Overcome with ardor, St. Mechtilde once exclaimed to her sisters: “Let us all, full of holy desire, hasten to venerate the sweetest Countenance of our Lord, which will in heaven be our all — all that a glorified soul can desire.” On one occasion when this saint had asked our Lord to grant that those who celebrate the memory of His sweet Face should never be deprived of His amiable company, He replied in these precious words: Not one of them shall be separated from Me (Bk. I. ch. xiii). The Lord then pronounced this blessing: “The splendor of My Countenance be their eternal rejoicing.”
The great servant of God, St. Edmund of Canterbury, was accustomed to pray: “May I expire from ardent desire of beholding the Face of our Lord Jesus Christ.”
Saint Teresa of the Child Jesus and of the Holy Face
The dear Carmelite Saint, Teresa of the Child Jesus and of the Holy Face, more familiarly known as the “Little Flower,” who died September 30, 1897, nourished a touching, ardent devotion to the Adorable .Countenance of our Savior. She sought to soothe the sufferings of the Holy Face by bringing sacrifices to save souls, and encouraged others to do likewise. She composed a most beautiful prayer in honor of the Holy Face and recited it daily. This prayer reveals her compassion for Jesus in His sufferings, as well as her vehement longing to behold His Divine Face in glory. Veneration of the Holy Face was one of her dearest devotions. After Holy Communion she would, in spirit, bend over the Face of her Beloved, which delighted her with Its secret charms.
The Carmelite Nun of Tours
On July 8, 1848, Sister Mary of St. Peter died in the odor of sanctity, in the Carmelite Convent of Tours in France. She had been favored by heaven with many revelations concerning the reparation of blasphemies uttered against the Holy Name of Jesus, and veneration of the Holy Face had been pointed out to her as a most efficacious means of making such reparation. Our Divine Savior transported her in spirit to the spot where He was met by Veronica, on His way to Calvary, and made known to His spouse how great was the service this heroic woman had rendered Him when, with her veil, she wiped His Adorable Face, all covered with spittle, dust, perspiration and blood.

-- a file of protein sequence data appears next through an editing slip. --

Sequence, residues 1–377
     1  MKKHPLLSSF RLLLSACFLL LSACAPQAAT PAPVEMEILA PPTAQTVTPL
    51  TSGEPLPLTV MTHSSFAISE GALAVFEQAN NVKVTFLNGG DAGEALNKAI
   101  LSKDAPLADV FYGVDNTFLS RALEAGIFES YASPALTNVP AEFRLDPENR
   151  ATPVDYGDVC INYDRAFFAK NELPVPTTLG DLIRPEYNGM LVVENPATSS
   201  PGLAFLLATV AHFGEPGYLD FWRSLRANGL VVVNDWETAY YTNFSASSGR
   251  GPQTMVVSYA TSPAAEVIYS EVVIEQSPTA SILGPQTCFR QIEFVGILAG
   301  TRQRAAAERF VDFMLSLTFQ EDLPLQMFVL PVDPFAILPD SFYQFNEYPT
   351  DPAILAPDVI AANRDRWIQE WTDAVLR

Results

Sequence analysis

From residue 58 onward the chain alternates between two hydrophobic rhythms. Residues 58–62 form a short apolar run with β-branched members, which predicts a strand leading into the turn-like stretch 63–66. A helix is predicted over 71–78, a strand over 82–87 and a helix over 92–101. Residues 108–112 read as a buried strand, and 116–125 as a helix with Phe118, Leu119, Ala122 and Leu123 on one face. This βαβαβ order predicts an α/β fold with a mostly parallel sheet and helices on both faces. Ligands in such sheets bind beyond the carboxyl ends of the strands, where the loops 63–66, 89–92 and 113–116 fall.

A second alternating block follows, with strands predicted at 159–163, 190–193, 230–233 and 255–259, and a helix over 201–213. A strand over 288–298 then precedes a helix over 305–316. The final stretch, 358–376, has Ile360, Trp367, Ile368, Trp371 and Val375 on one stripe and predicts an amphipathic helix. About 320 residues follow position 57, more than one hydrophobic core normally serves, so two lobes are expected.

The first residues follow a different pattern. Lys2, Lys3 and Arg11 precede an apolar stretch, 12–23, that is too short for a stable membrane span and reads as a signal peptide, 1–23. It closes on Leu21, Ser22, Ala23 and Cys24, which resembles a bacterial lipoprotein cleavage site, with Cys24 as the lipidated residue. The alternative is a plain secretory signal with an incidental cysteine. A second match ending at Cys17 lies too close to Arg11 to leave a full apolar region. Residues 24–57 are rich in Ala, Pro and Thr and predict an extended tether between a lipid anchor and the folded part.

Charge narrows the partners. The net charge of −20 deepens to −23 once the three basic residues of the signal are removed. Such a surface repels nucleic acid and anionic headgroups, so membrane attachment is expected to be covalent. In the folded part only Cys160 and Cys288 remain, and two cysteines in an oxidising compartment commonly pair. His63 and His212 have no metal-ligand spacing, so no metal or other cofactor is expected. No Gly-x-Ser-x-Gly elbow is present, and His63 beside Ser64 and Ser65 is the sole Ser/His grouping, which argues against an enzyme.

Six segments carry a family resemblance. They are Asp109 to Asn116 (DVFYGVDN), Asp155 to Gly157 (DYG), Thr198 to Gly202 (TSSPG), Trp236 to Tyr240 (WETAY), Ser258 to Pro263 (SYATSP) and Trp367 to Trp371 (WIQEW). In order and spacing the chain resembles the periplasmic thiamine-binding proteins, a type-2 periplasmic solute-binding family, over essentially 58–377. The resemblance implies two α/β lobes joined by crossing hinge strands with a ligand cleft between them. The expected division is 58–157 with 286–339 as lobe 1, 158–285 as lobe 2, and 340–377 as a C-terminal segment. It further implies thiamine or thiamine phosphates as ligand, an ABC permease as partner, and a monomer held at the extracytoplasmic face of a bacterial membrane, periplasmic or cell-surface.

Our Savior revealed to this religious how great is the satisfaction He derives from the veneration of His Sacred Countenance, saying: “According to the care you take in making reparation to My Face, disfigured by blasphemers, so will I take care of yours which has been disfigured by sin. I will reprint upon it My image and render it as beautiful as it was on leaving the baptismal font.”
At another time our Lord said to Sister St. Peter, “I seek pious souls who, like Veronica, will wipe My Divine Countenance and venerate It. . . Those who on earth venerate My wounded Countenance will once behold It in heaven all resplendent in glory.”
Again Jesus said to His spouse: “All who honor My Holy Face in a spirit of reparation thereby perform for Me the services of the pious Veronica.”
Devotion to the Holy Face is regarded as a sign of predestination, for how were it possible that a soul who had loved this Divine Countenance here on earth should be excluded from beholding It in glory in heaven!